She doesn’t know her mother, not really. There is a difference between recognising something, and knowing something. She could pick her mother out of a crowd of thousands, sketch her hunched shoulders and stooped back from memory, but she would be hard pressed to tell you anything truly substantive about her. Sometimes, when she was younger, she would sneak glances at her mother in the mirror as she brushed her hair, deftly teasing out knots, and feel her tongue throb with questions, pounding against the walls of her throat, practically tripping over themselves as they clamoured desperately to be heard. Simple questions, the kind teenagers could be asked by well-meaning aunts at family gatherings, the kind of questions you might find bothersome, if you’re used to them. What are you interested in? What do you care about? What do you want to be? Or, rather, what did you want to be? Any opportunities for Letty’s mother to make something of herself are long gone, stolen, a quiet kind of robbery. Siphoning chances away from her gradually, her whole life, things it had never even occurred to her to want, because nobody had told her she could, the way nobody bemoans not having a unicorn for a pet. We do not long for things we believe are impossible.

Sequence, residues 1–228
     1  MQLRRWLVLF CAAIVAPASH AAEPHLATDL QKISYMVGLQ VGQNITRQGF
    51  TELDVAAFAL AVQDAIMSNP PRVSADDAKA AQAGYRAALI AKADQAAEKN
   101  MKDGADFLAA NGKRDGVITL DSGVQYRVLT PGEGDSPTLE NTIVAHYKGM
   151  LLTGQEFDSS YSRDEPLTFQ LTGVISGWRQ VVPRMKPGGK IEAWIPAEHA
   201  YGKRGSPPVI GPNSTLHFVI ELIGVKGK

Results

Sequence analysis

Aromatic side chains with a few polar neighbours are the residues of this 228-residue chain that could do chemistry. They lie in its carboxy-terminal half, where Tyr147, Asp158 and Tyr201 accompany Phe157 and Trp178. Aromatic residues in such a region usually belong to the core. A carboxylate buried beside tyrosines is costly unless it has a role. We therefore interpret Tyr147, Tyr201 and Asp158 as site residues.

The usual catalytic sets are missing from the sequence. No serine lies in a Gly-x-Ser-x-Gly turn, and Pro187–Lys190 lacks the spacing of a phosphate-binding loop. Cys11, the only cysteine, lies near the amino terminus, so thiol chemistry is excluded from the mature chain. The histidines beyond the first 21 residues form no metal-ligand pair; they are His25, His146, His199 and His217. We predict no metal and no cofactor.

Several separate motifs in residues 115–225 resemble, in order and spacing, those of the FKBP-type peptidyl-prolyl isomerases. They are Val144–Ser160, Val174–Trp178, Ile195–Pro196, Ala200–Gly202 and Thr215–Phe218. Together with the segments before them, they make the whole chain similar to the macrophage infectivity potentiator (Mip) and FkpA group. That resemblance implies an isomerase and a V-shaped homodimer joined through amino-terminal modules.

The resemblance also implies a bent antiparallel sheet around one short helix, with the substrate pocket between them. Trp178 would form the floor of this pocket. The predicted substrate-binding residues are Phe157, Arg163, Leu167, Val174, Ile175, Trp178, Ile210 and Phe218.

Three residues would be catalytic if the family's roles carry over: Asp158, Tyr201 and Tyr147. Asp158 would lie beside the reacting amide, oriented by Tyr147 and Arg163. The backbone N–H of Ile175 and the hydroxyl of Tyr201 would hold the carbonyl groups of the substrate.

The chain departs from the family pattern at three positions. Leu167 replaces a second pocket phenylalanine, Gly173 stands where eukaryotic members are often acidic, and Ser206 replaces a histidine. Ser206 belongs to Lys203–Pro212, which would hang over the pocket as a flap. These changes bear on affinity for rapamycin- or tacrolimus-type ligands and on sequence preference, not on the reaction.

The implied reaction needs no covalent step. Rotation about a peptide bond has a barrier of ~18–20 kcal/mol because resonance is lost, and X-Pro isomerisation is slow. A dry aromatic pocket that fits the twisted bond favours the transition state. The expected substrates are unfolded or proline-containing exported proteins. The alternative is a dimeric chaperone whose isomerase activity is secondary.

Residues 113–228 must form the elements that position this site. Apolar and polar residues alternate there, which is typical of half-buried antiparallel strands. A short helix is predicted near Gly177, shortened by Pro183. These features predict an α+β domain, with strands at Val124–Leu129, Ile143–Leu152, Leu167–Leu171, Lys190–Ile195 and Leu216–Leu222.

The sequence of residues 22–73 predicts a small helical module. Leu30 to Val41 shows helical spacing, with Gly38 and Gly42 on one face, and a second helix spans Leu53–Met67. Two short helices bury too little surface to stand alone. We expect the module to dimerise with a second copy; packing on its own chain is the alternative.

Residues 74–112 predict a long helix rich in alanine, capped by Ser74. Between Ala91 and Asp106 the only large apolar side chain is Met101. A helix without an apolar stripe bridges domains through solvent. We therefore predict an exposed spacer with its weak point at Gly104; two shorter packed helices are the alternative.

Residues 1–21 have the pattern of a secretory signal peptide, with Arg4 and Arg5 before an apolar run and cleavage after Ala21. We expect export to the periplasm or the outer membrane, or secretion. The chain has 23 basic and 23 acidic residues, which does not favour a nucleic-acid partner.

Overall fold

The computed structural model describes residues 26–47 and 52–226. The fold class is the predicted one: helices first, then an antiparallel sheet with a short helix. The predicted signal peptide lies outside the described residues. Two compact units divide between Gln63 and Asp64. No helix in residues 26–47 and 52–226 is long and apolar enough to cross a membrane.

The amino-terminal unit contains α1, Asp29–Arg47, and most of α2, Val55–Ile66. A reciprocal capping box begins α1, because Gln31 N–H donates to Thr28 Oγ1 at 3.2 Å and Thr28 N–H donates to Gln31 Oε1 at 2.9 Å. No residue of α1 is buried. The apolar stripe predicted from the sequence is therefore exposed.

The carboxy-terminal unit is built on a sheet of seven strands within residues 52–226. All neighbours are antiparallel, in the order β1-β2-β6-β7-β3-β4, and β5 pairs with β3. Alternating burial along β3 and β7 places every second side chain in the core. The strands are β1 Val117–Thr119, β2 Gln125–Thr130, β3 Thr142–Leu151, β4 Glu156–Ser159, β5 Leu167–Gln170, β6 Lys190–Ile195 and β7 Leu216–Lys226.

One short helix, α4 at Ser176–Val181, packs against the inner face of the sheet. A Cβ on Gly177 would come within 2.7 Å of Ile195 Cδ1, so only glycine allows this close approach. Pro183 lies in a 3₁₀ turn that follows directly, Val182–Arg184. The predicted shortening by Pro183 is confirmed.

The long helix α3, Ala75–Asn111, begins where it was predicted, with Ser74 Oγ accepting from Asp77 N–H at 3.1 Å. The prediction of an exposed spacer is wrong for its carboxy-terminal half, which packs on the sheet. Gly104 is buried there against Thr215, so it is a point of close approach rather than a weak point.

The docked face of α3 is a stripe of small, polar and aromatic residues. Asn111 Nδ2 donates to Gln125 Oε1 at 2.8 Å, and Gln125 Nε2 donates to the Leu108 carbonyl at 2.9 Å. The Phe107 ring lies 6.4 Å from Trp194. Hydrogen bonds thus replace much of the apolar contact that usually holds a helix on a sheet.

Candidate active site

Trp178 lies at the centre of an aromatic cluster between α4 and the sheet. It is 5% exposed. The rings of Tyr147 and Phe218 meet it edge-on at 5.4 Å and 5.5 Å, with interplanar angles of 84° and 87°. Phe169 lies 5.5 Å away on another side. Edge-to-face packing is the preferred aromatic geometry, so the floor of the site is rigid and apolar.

It’s a familiar tale, a modern classic. Girl meets boy (this is where the story begins, any inner life the girl may have had prior to this point evidently not relevant), girl drops what little she has to begin with, a child is born, the door, which has been half-shut this entire time, creeping closer and closer to the doorframe, slams in the girl’s face. A perpetual cycle, sick of its own equilibrium, lived by her mother, her aunts, any hypothetical daughters she may be obedient enough to pop out. She has never understood people who talk about the future with starry-eyes and glowing reverence, as though it’s a land of endless possibility and unknowable outcomes. Here is the truth, as she sees it-your future is spawned solely from your past, your ending decided the moment you are born. It’s about your gender, the size of your parent’s bank account, the colour of your skin, the name of the street you grew up on, your catchment. A thousand tiny hands, nudging your fingers as you scrawl the story of your life, ripping the pen from your grasp and taking the plot in whatever direction they please. Occasionally, she contemplates what she might have been if she had been drip-fed a diet of expectations rather than inevitability, taught to strive instead of succumb. In some, awful, twisted way, she is almost glad that people do not ask her, or her mother, what they want to do in the future-she could not come up with an answer, not in a million years.